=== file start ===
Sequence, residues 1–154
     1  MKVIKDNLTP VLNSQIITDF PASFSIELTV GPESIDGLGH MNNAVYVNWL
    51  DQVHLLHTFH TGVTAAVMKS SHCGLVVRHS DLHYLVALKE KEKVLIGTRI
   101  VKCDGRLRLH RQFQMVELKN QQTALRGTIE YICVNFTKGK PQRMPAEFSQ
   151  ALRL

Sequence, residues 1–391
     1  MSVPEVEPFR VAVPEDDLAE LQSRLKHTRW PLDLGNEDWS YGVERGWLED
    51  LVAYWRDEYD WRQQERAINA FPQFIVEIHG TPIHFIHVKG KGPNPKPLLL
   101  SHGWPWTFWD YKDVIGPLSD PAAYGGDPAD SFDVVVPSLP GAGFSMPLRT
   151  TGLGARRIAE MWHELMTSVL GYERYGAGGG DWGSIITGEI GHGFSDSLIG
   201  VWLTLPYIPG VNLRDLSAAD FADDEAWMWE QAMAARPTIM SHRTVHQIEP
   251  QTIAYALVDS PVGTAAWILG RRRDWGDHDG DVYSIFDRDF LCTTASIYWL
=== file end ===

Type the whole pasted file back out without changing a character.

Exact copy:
Sequence, residues 1–154
     1  MKVIKDNLTP VLNSQIITDF PASFSIELTV GPESIDGLGH MNNAVYVNWL
    51  DQVHLLHTFH TGVTAAVMKS SHCGLVVRHS DLHYLVALKE KEKVLIGTRI
   101  VKCDGRLRLH RQFQMVELKN QQTALRGTIE YICVNFTKGK PQRMPAEFSQ
   151  ALRL

Sequence, residues 1–391
     1  MSVPEVEPFR VAVPEDDLAE LQSRLKHTRW PLDLGNEDWS YGVERGWLED
    51  LVAYWRDEYD WRQQERAINA FPQFIVEIHG TPIHFIHVKG KGPNPKPLLL
   101  SHGWPWTFWD YKDVIGPLSD PAAYGGDPAD SFDVVVPSLP GAGFSMPLRT
   151  TGLGARRIAE MWHELMTSVL GYERYGAGGG DWGSIITGEI GHGFSDSLIG
   201  VWLTLPYIPG VNLRDLSAAD FADDEAWMWE QAMAARPTIM SHRTVHQIEP
   251  QTIAYALVDS PVGTAAWILG RRRDWGDHDG DVYSIFDRDF LCTTASIYWL